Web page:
Jerusalem and its holy sites
“Would Muslims Give Up Control of Mecca?”
Jeremiah Haber, 11 November 2010
That’s the question that Jeffrey Goldberg asks in a blogpost. He writes:
…What does “Jerusalem” mean as a practical matter? Does it mean neighborhoods far from the Temple Mount that have been Arab for hundreds of years? Does it mean neighborhoods far from the Temple Mount that no Jew visits? I don’t believe Israel should give up control of its holiest sites — would Muslims give up control of Mecca? — But the neighborhoods of East Jerusalem aren’t holy, at least in my understanding of the notion.
Before I disagree with Goldberg, let me state where I obviously agree: Israel should not be building in many neighborhoods of Jerusalem.
Indeed, the proper response to Bibi’s “Jerusalem is not a ‘settlement'” line is “Settlements are not ‘Jerusalem’.” The municipal borders of present day Jerusalem do not constitute Jerusalem – certainly not the historical Jerusalem to which Jews faced when praying, nor the Jerusalem that was supposed to be internationalized according to the Partition Plan, nor the Jerusalem of the cease-fire lines of 1949. Herein lies the biggest deceit that Israel has perpetrated in Jerusalem: It has expanded Jerusalem to maximize territory and neighborhoods over the Green Line (Ramot, Giloh, French Hill, Ramat Eshkol, Givat ha-Mivtar, Har Homah, etc.), encouraged tens of thousands to settle in these neighborhoods, and has then called those neighborhoods “Jerusalem, the Rock of our Existence.” If it were up to the city, Jerusalem’s borders would extend to the wealthy Mevasseret Ziyyon suburb in the west, so that its yuppy denizens would subsidize the haredi male population between 20 and 45 who don’t pay municipal taxes. (Full disclosure: I am writing this from a Jerusalem neighborhood from which the Arabs were ethnically cleansed in 1948)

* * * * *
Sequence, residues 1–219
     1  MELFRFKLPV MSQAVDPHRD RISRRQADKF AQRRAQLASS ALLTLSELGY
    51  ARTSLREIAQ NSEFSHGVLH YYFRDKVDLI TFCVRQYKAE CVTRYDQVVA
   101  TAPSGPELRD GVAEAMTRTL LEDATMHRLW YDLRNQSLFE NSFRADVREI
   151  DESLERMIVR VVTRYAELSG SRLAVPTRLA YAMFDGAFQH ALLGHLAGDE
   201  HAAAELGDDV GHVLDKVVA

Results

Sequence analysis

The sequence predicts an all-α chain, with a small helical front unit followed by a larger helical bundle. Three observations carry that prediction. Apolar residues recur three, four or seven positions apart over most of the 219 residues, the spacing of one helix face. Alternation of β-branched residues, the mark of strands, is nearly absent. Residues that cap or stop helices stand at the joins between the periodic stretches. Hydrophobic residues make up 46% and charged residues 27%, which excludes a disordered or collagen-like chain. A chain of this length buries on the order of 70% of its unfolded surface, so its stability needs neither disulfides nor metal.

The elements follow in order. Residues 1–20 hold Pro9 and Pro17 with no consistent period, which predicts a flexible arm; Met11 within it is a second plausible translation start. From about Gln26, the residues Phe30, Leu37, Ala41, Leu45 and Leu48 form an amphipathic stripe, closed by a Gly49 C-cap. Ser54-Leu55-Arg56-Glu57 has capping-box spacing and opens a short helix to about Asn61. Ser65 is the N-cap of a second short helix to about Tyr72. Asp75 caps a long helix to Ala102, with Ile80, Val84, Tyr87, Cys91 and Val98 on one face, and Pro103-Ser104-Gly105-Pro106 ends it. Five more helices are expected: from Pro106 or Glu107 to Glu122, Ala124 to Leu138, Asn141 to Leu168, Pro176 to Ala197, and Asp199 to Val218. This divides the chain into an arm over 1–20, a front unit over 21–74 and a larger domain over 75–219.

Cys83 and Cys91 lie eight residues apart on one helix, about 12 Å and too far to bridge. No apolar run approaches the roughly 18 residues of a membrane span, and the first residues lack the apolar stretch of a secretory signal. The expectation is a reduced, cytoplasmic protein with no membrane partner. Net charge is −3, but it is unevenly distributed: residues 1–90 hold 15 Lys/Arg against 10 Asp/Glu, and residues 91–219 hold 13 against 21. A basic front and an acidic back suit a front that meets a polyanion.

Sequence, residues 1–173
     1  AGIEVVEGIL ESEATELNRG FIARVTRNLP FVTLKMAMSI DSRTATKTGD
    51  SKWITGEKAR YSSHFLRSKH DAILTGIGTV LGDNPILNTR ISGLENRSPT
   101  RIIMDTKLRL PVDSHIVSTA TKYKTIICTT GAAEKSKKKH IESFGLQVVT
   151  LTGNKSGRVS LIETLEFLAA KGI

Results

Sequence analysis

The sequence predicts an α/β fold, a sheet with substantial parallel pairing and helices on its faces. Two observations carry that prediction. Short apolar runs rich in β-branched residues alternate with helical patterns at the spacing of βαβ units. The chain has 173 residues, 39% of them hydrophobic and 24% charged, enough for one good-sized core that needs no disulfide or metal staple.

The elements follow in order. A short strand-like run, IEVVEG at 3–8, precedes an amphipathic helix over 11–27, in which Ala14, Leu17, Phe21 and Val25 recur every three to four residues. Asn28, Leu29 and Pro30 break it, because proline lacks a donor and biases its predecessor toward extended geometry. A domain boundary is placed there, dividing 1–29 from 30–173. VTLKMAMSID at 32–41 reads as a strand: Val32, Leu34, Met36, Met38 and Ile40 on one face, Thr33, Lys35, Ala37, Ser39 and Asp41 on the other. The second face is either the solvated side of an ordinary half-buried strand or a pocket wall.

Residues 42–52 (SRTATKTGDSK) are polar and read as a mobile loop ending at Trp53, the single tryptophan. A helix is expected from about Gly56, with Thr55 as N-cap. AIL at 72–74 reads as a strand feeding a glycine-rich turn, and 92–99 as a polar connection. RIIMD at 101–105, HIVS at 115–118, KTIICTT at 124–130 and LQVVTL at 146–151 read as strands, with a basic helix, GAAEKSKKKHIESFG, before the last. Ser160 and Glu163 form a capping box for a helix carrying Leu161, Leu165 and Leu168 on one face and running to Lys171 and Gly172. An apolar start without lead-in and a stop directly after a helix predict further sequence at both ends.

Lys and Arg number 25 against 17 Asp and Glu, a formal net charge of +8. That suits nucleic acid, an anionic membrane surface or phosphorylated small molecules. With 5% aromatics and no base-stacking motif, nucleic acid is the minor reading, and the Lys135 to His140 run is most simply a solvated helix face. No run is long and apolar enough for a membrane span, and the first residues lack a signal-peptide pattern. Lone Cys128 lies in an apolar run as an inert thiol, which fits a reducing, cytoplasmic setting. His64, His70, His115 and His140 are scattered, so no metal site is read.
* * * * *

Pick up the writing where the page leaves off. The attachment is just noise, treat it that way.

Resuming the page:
So here are problems with how Goldberg frames the question, “Would Muslims Give Up Control of Mecca?”
First, nobody has asked “Jews” to cede control of their holy sites – if by “control” one means Jewish administration. The issue is not administration but sovereignty. The Jews shouldn’t have to give up control; but both sides may have to give up claims for sovereignty.
Second, the Jewish holy sites in Israel are almost all Muslim holy sites. You will answer, “Ah, but the Jews considered them holy first.” Yet there is no evidence for that at all, at least for most of the sites. The idea that the Land of Israel has permanent “holy sites” is unheard of in the Bible and the Talmud, except, of course for the Temple. It becomes prominent, if I am not mistaken, in the Byzantine period by Christians, and then later, by Muslims and Jews (I am referring to sites like Rachel’s Tomb, the Cave of the Machpelah, King David’s Tomb, etc.) Now, I personally don’t care who was there first; both religions see these sites as important for them, and so arrangements should be made that they be shared. And if that cannot be done except through partitioning the site (such as in the Machpelah Cave in Hebron, or the Church of the Holy Sepulcher in Jerusalem), so be it.
Third, as for the Temple Mount, may I remind my better-known blogger that this is also a holy site for Muslims – the Noble Sanctuary. And since it is of no interest to me who came first when it comes to holy sites, or their relevant importance, something creative will have to be worked out there – e.g., Jewish administration over the Western Wall area; Muslim administration over the Noble Sanctuary. That involves a concession on both sides, and both sides have to figure out how to make it work, with the help of their friends.
Fourth, none of this has anything to do with sovereignty. Judging from the abysmal record of both sides, the Jewish and the Arab, when in control of the others’ holy sites, places of worship, and cemeteries, the best solution would be to give sovereignty to neither. If they can work out joint sovereignty, fine. But the Western Wall is a part of the Noble Mount, and hence is also a Muslim holy site.
Hat tip to Ali Gharib, who reads the Atlantic.